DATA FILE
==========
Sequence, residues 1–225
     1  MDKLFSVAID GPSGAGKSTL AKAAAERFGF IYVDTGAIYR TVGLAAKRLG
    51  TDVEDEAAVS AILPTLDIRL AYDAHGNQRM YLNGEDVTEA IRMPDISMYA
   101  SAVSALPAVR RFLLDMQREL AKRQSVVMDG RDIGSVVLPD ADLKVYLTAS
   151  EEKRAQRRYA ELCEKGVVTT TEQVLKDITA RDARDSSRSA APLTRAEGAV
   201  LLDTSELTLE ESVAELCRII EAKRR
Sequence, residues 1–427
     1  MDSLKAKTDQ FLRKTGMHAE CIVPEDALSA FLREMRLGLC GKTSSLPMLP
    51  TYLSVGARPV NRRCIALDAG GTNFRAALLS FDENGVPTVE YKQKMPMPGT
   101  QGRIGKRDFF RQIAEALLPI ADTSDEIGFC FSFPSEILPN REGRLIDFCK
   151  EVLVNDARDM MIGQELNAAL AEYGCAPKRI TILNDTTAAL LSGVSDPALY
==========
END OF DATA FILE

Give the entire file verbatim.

Sequence, residues 1–225
     1  MDKLFSVAID GPSGAGKSTL AKAAAERFGF IYVDTGAIYR TVGLAAKRLG
    51  TDVEDEAAVS AILPTLDIRL AYDAHGNQRM YLNGEDVTEA IRMPDISMYA
   101  SAVSALPAVR RFLLDMQREL AKRQSVVMDG RDIGSVVLPD ADLKVYLTAS
   151  EEKRAQRRYA ELCEKGVVTT TEQVLKDITA RDARDSSRSA APLTRAEGAV
   201  LLDTSELTLE ESVAELCRII EAKRR
Sequence, residues 1–427
     1  MDSLKAKTDQ FLRKTGMHAE CIVPEDALSA FLREMRLGLC GKTSSLPMLP
    51  TYLSVGARPV NRRCIALDAG GTNFRAALLS FDENGVPTVE YKQKMPMPGT
   101  QGRIGKRDFF RQIAEALLPI ADTSDEIGFC FSFPSEILPN REGRLIDFCK
   151  EVLVNDARDM MIGQELNAAL AEYGCAPKRI TILNDTTAAL LSGVSDPALY